Jonty Mills says aquatic education needs to be more of a priority. A survey commissioned by WSNZ and conducted by the New Zealand Council of Educational Research (NZCER)WSNZ -last year revealed only around a quarter of primary schools provide a barely acceptable level.

Outstanding Māori and Pasifika trainee teachers honoured

Education Minister Nikki Kaye has congratulated 30 highly-accomplished Māori and Pasifika student teachers who have been awarded Kupe Scholarships.

Cuts to Otago University support roles puts teaching at risk

University of Otago Vice-Chancellor Harlene Hayne has announced plans to cut 182 full-time equivalent jobs from some of the university’s most vital support services.





Wednesday 19 July

Which Kiwis are seeking the skills to pay the bills?

Tertiary Education Commission chief executive Tim Fowler says tertiary organisations are aware of the need to offer a variety of skills beyond technical competency.

Educators welcome new te reo in schools

The Maori Language Commission commissioned the New Zealand Council for Educational Research report, which proposes raising the status and increasing the use of te reo by making it a core curriculum subject beginning in Year 1 in 2020 until it is included in all levels up to Year 13 by 2037.

Young people have the power to stop bullying culture

A father who put an anti-bullying sign outside his daughter’s school to protest the physical assaults the 9-year-old endured at Waimairi School, in Christchurch, has reignited the conversation around the prevalence of bullying in this country.

Lagging salaries compound NZ’s teacher shortage crisis, union says

Christchurch Boys’ High School headmaster Nic Hill says teaching needs to stop being marketed as a “cruisy” job.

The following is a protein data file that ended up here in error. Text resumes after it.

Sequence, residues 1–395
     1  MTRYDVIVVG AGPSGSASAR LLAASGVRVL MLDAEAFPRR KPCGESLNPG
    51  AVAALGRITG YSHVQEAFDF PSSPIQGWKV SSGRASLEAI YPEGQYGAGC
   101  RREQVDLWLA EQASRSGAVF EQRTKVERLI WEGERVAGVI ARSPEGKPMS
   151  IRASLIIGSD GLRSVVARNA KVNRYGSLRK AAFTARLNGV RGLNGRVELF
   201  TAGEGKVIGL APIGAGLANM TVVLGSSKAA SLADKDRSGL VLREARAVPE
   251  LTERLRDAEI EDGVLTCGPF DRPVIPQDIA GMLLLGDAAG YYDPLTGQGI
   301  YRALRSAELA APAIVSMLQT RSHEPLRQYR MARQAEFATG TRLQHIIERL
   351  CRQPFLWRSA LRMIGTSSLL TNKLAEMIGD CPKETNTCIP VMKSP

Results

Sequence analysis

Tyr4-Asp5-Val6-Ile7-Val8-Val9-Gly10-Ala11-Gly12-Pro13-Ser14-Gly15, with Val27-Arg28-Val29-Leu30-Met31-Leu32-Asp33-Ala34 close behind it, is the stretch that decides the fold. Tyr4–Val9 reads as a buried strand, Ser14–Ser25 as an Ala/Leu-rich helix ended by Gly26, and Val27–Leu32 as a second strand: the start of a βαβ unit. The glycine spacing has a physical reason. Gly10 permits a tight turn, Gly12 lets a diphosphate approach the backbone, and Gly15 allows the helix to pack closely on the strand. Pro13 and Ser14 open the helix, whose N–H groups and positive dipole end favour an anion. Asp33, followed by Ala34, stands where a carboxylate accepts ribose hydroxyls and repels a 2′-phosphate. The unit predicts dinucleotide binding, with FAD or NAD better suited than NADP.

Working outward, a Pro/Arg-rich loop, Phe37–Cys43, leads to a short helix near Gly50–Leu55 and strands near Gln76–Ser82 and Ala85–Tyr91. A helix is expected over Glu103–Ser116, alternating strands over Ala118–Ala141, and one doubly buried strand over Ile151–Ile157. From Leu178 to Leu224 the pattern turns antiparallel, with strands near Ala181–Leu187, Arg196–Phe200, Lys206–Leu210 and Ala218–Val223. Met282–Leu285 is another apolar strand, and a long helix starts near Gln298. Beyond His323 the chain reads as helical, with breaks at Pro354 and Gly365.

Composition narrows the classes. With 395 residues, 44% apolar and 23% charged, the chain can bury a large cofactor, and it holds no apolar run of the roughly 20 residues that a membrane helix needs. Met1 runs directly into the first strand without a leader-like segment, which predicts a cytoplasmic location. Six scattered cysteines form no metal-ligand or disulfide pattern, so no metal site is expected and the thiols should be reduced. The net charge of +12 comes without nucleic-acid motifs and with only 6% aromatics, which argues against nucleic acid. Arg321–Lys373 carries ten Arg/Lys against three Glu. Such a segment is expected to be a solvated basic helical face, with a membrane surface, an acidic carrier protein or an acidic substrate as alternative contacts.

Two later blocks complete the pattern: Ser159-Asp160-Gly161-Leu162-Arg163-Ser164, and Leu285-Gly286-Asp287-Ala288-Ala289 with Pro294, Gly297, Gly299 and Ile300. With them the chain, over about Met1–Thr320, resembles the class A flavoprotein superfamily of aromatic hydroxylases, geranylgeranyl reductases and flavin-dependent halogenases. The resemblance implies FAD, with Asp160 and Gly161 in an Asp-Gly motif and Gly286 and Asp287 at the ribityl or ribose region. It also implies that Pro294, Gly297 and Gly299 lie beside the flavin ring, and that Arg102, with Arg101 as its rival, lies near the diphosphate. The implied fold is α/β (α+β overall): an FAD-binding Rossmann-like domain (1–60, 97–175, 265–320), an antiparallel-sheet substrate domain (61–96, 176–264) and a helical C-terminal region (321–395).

Education Ministry owns up: ‘We gave the wrong answer on special needs students’

The Ministry of Education has proved that students are not the only ones who make mistakes – the ministry itself has owned up to giving a wrong answer to Parliament.

Bluff Marae Taking An Early Lead With Kids Coding

The latest announcement by Nikki Kay with kids computational thinking being introduced to the school curriculum for ages 5 through to 10 is a long needed upgrade to an education system that hasn’t been changed for the last 10 years, is well overdue and some of the kids in Bluff aren’t waiting for it.





Tuesday 18 July

Lack of fluent te reo Maori speakers could hamper teaching in South Canterbury

A New Zealand Council for Educational Research report proposes raising the status of, and increasing the use of, te reo by making it a core curriculum subject.

Christchurch family’s fight for special-needs son ‘highlights mainstreaming challenges’

Phil Dobson says his family’s experience with his son Alex at Christchurch’s Merrin School highlights shortcomings in the Ministry of Education’s inclusion policy.

Studying in Auckland included as part of the curriculum

Auckland is set to welcome a new group of Korean international students, thanks to an agreement which sees the inclusion of studying in New Zealand’s largest city as part of the curriculum at the training institute, Koguryeo College.